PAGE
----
Logistic regression analysis supported the value of necrosis and PET measures for diagnosing MPNST. Depth was found to have 100% sensitivity, with all malignancies occurring deep to the fascia in our population; therefore, only 27 deep tumors were included for the development of prediction models. In order to prevent multicollinearity between similar measures, SUVpeak > 4.5 was selected to represent PET measures, and necrosis >25% of the tumor volume was chosen to represent MRI findings. Thus, tumor size, necrosis >25%, and SUVpeak were selected as the relevant variables; when these were entered for deep tumors, necrosis was the only significant predictor (, Nagelkerke R2 = 0.622).

3.4. Combined Diagnostic Algorithm

Clinical findings were not included in the algorithm as they could not reliably rule out malignancy in our population (NPV 62.3–69.2%). SUVpeak was included because it had the highest sensitivity and NPV of the semiquantitative PET parameters; however, the visual scale was almost identical, and the other PET measures were not significantly different, so these could be substituted for SUVpeak with minimal effect.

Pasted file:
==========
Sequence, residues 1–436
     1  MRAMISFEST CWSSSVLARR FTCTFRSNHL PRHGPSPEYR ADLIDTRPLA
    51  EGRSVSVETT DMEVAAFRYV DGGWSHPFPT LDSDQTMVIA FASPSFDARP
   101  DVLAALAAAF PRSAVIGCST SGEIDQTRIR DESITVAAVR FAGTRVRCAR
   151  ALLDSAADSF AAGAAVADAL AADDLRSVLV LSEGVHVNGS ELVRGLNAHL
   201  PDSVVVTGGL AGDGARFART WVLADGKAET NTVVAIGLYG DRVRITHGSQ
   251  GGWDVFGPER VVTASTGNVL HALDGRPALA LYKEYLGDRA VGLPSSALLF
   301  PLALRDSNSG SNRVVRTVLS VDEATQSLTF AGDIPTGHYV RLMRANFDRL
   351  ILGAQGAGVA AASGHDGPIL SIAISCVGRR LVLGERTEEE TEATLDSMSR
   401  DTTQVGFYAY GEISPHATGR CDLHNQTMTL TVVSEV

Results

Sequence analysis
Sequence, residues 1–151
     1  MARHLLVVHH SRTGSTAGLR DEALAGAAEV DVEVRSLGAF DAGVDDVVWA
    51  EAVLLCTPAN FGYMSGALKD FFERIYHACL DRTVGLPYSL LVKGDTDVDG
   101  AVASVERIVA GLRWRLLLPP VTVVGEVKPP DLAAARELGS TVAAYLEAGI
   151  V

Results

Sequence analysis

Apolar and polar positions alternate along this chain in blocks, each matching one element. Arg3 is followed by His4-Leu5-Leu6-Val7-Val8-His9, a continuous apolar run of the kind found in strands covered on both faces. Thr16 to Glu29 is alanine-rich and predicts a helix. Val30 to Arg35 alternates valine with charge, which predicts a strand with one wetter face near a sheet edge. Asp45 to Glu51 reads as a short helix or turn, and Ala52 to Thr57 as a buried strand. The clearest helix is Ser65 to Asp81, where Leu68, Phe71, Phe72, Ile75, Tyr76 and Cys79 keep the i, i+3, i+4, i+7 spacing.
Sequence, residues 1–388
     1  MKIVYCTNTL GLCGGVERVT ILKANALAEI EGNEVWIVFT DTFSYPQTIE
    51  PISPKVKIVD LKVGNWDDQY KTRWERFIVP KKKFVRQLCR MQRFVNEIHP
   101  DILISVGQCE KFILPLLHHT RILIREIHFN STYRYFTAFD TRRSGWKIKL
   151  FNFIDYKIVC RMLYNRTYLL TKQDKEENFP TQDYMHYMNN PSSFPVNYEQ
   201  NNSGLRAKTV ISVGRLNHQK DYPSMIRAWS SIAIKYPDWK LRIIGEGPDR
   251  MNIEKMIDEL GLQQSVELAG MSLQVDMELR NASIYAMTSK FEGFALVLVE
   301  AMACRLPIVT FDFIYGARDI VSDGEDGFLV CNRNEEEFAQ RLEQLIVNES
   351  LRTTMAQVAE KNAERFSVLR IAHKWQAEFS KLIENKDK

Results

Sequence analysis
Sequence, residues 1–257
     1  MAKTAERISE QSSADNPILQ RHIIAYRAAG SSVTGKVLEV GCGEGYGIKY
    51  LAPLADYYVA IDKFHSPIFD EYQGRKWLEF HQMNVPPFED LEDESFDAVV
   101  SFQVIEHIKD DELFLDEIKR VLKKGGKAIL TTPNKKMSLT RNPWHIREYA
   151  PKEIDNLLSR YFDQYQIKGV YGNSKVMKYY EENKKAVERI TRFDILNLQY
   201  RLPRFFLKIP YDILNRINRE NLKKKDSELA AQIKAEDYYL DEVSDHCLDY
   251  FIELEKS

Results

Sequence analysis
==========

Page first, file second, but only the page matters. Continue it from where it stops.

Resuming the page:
Tumors were first differentiated by depth relative to the fascia, which was notable for 100% NPV in our analysis. While tumor depth may be verified on MRI (as in our methods), in most cases, it can be easily determined by physical examination prior to advanced imaging. We therefore suggest that patients appearing to have deep tumors on physical examination be evaluated with MRI and PET and that they undergo biopsy in the presence of concerning features on either of these studies. Tumors that are histologically confirmed to be malignant should be managed with surgery and neoadjuvant/adjuvant chemotherapy/radiation according to standard protocols. Unfortunately, biopsy itself is imperfect due to sampling error [25]. For tumors that are likely malignant based on imaging but do not contain evidence of MPNST on initial biopsy, rebiopsy or wide excision may be indicated; in contrast, observation may be acceptable for tumors that appear less concerning (Figure 2). Of note, this algorithm is based solely on our patient population and will therefore require further validation.